ACL Injuries and Rehabilitation Part 2 - from a Physiotherapist perspective

Ten years ago I woke up in the recovery room following my first ACL reconstruction. My immediate thoughts were of a Hungry Jack's Whopper, ameliorated quickly by the presence of extreme pain. Lasting only a few seconds before blacking out from the administration of analgesia. Going into my second surgery I had two concerns, 1. The memory of this extreme pain, 2. The consequences of the painkillers which had me bloated and sweating with a constant headache for 9 days, at which point coloxyl became my new best friend.

 

Following the most recent knee reconstruction, the first four days were relatively smooth sailing. Filled with rest, elevation and icing. Ice packs were God’s gift! I began to partial weight-bear, trying to maintain a heel toe gait as much as I could. While lying down performing foot and ankle pumps helped with swelling and circulation, and in an attempt to minimize muscle atrophy, static quads (thigh) and gluteal (bottom) squeezes became routine. Due to having fractured part of my femoral condyle, care was taken with the quads activation/straightening of the knee to avoid irritating the fracture site, which can take months to heal.

 

On day 5 the recovery took a turn for the worst. I began getting a lot of throbbing and a pulsating pain in my knee, calf, and shin. I was no longer able to put any weight on my foot or even lower my heel to the ground. Painkillers were of no assistance. Once again ice was the only thing that helped, and even that only dulled the pain slightly. After a sleepless night, I had concerns of a Deep Vein Thrombosis (DVT) or an infection, and followed up with my surgeon. Fortunately this was not the case, a Doppler Ultrasound cleared any DVT's and the surgeon said it was simply all the fluid and remnants of the inflammatory phase tracking down my leg and irritating the nerves. The only solution was to ‘suck it up’. By Day 10 the pain had settled and I recommenced rehabilitation, as like most, I needed to get back to work.

The next phase consisted of trying to regain range of motion, increasing gluteal activation and strength exercises. Proximal stability gives the knee a strong base to work from, and reduces any unnecessary rotational forces, which in the long run reduces the risk of further ACL injury (Sugimoto, Myer, Barber Foss, & Hewett, 2014). Functional exercises included gait retraining, and quadriceps activation to enable terminal knee extension with walking. Increasing knee flexion enabled some gentle bridging work to get the hamstrings switching on. The hamstrings are an important muscle group as they reinforce the ACL by preventing excessive forward movement of the tibia (shin bone).

 

Seventeen days post-surgery, saw me return to work. This meant a lot of standing!! Profuse swelling continued for a few weeks, before reducing noticeably in each of the following weeks. The mornings were very stiff, to the point where I wondered if I would ever wake up without being aware of it, once again patience was the key. At 4 weeks post-operation, the stationary exercise bike was introduced. I was beginning to feel slightly more normal, aided by soft tissue work around and behind the knee, which made a world of difference to the range of motion the swelling. At 6 weeks, I commenced gentle Clinical Pilates using very light springs to assist with range of motion, and enabling early introduction of low level strength work for the legs and gluteals. Importantly core and upper body work were incorporated without loading the knee.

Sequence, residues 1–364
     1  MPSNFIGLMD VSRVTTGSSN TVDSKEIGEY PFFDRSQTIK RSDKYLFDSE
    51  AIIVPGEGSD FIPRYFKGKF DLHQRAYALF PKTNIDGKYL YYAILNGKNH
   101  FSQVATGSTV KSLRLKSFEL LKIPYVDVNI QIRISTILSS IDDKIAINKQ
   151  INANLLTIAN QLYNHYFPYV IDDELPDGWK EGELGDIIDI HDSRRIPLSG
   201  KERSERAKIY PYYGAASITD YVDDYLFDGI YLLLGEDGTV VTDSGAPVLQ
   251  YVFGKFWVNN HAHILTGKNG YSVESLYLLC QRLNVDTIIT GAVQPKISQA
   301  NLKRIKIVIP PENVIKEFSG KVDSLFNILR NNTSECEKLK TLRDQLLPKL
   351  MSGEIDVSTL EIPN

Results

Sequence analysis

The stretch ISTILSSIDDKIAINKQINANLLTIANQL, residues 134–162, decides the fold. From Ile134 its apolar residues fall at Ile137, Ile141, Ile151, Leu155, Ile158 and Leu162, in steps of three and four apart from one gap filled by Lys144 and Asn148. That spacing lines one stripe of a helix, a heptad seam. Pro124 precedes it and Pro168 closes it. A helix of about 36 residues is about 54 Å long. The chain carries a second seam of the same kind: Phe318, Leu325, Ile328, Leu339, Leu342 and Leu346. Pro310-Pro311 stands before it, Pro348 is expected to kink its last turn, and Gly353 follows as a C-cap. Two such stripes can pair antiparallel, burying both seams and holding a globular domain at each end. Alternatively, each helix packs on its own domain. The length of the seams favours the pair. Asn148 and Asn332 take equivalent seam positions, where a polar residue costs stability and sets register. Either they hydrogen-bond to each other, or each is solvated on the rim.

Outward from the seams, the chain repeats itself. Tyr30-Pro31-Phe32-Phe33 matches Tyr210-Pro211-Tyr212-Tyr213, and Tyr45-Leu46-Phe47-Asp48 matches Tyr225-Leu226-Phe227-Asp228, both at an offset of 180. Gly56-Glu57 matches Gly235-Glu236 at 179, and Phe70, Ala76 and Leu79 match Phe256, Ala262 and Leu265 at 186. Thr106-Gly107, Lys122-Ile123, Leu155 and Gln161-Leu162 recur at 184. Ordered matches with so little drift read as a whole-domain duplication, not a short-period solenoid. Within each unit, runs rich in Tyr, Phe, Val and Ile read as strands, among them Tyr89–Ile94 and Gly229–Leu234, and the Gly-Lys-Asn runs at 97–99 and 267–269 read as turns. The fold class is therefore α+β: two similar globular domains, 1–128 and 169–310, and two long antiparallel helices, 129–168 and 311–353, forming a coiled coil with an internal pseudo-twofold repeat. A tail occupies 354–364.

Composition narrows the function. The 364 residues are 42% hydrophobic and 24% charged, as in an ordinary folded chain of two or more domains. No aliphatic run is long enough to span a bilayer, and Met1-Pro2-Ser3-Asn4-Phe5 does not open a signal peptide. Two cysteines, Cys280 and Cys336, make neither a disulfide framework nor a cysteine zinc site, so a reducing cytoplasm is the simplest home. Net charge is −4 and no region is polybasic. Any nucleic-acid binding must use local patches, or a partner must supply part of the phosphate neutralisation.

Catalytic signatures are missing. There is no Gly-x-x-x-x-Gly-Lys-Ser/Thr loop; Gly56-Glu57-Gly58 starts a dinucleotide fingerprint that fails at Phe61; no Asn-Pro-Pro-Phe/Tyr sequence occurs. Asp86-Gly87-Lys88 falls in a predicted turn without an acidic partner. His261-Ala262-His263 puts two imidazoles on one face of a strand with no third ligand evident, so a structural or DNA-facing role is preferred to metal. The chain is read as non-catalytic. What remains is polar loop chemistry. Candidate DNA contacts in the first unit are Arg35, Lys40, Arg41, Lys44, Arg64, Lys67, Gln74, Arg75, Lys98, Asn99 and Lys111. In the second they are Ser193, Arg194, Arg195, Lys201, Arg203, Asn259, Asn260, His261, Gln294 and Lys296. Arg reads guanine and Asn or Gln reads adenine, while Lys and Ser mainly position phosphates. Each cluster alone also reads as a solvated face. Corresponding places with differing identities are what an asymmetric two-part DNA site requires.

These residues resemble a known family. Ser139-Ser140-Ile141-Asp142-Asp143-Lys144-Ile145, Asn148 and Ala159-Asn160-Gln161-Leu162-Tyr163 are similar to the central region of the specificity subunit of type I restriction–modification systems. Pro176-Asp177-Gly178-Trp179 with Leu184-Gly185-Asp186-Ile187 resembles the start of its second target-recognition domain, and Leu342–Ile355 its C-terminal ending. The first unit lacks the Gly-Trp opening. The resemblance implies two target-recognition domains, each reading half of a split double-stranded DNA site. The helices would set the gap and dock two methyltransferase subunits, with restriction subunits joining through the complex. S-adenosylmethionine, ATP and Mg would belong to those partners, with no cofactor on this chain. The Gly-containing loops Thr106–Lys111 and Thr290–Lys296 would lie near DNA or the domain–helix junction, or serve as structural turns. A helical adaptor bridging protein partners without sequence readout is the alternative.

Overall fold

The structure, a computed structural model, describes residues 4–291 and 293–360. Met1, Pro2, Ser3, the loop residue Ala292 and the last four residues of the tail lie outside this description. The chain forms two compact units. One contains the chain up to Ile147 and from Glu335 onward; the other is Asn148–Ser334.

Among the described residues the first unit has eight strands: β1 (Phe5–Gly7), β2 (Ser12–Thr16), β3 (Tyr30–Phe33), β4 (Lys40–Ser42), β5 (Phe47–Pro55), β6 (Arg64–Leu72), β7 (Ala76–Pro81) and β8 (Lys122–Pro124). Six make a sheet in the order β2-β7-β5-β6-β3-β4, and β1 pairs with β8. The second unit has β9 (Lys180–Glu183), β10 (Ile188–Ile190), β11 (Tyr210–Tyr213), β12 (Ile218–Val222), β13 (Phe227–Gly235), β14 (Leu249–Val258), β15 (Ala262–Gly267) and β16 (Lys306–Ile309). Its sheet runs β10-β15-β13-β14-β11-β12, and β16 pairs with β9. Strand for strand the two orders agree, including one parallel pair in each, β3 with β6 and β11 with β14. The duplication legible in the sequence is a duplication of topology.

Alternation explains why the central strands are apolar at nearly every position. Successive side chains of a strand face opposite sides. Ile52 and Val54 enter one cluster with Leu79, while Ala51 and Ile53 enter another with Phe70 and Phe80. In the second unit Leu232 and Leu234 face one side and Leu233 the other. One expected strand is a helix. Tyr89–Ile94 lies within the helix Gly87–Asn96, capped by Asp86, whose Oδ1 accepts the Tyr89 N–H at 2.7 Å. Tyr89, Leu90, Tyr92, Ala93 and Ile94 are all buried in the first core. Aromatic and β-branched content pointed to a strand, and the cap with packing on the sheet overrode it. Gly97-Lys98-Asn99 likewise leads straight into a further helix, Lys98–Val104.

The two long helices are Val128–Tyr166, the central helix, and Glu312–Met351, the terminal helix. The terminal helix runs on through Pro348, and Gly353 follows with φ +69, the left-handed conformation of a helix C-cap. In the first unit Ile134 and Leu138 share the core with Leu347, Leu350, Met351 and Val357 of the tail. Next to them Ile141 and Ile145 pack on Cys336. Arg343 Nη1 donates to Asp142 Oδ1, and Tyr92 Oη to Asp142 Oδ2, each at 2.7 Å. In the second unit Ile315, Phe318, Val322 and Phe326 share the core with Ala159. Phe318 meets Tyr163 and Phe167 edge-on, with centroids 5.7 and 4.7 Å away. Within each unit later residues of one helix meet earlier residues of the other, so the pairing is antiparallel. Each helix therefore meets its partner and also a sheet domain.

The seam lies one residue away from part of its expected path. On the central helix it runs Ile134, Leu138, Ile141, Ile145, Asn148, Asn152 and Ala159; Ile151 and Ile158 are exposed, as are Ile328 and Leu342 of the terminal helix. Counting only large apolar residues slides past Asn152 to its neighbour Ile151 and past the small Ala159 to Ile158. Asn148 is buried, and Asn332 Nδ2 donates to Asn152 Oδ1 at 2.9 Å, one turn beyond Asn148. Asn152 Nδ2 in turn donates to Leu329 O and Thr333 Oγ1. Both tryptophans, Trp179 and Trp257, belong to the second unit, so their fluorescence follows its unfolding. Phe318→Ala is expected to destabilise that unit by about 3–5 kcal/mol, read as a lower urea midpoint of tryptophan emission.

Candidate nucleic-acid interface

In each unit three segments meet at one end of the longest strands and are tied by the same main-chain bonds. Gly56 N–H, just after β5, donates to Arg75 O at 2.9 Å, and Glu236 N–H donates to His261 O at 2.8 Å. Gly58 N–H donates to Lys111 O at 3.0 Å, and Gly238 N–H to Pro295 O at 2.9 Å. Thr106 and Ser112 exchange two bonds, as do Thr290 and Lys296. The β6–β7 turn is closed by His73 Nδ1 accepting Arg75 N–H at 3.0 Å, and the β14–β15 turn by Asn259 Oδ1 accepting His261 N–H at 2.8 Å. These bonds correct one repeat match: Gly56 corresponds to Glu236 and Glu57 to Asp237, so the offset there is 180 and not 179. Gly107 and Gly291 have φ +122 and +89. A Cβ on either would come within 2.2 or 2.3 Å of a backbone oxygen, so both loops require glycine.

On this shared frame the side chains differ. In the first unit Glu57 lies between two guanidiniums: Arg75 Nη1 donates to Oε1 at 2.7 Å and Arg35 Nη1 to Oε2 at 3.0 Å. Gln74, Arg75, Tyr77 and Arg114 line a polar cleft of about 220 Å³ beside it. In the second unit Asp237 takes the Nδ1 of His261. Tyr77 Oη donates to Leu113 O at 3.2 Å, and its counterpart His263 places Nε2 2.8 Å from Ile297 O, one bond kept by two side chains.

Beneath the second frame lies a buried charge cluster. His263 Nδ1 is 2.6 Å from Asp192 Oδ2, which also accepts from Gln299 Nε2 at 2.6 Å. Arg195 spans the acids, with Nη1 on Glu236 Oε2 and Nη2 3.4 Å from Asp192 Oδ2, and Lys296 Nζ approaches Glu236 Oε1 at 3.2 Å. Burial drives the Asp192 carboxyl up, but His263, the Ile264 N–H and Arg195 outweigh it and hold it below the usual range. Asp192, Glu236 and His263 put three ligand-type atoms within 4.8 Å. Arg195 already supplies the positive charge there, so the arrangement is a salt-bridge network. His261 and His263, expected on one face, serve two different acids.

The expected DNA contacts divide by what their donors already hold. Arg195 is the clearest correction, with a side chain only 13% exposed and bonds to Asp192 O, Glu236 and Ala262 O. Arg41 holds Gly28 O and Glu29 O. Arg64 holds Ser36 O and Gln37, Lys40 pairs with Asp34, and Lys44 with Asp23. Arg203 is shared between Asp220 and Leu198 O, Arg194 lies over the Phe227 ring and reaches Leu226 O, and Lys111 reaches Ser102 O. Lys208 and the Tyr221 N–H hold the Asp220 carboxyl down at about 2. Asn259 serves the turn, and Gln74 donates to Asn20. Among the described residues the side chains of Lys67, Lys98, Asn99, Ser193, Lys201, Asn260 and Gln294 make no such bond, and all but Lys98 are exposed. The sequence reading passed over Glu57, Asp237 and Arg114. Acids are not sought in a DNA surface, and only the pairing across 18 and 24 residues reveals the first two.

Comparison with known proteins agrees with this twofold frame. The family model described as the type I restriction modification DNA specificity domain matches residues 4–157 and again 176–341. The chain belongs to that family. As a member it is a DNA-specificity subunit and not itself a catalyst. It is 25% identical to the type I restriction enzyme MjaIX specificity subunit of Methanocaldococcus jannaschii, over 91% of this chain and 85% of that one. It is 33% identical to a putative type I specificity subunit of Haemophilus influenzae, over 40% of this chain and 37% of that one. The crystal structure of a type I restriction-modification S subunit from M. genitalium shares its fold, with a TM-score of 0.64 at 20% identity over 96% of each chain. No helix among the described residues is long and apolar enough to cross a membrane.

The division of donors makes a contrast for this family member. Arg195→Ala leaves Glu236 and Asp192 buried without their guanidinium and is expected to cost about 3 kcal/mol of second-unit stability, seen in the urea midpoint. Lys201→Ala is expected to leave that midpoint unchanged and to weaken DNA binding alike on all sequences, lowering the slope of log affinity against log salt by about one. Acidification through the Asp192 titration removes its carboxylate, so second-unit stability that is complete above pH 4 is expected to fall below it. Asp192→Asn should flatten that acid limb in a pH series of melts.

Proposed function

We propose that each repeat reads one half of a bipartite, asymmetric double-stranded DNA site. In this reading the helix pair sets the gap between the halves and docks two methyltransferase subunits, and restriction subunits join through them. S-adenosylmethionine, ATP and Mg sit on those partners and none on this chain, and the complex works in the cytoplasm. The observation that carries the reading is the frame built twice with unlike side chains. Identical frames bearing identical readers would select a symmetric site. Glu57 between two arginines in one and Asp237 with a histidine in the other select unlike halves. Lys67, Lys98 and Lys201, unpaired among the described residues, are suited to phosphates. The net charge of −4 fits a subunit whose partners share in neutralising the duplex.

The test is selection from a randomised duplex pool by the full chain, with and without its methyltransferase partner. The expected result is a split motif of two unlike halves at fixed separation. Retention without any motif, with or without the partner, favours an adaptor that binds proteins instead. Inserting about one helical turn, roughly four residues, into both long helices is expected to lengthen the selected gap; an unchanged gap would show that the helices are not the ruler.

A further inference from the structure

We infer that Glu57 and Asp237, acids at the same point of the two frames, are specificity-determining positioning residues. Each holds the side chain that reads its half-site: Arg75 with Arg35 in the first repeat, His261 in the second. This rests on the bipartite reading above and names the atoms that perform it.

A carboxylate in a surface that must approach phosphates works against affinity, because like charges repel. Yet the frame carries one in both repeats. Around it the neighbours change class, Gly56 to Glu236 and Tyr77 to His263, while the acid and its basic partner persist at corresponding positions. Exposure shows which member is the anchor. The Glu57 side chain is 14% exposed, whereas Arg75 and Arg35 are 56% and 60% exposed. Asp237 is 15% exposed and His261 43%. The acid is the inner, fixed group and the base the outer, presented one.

Something to keep in mind is the condition of the hamstring, part of which the graft for the new anterior cruciate ligament can be taken from. Four or five times I had recurrent hamstring strains, every time I bent down with the hamstring on slight stretch it would go 'pop'. Initially it scared the hell out of me, worried it was my knee as I was lifting a portable massage table. However, a co-worker observed all day every day at work I was standing in a position that was loading my lower back to offload my knee. After addressing my back, the frustration of the recurring hamstring stopped.

Other important information:

-Weeks 4-12 are where the graft is most vulnerable, so it is important to stick to your rehabilitation as instructed by your physiotherapist!  

Part 3 and 4 will be available in the coming months, any questions- come and see us or contact the clinic, we are happy to help you with your rehabilitation needs!

----

Adrianna Cann, APAM, is a Physiotherapist. and Pilates Instructor. At our Sports Medicine clinic we provide individualised clinical pilates programs to surrounding areas such as Camberwell, Oakleigh and Malvern. Please see our Pilates page for more information, or our physiotherapy practitioner's page for information regarding our Sports Physiotherapy team.

----


References:

Sugimoto, D., Myer, G., Barber Foss, K., & Hewett, T. (2014). Specific exercise effects of preventative neuromuscular training intervention on anterior cruciate ligament injury risk reduction in young females: meta-analysis and subgroup analysis. British Journal of Sports Medicine, 0, 1-9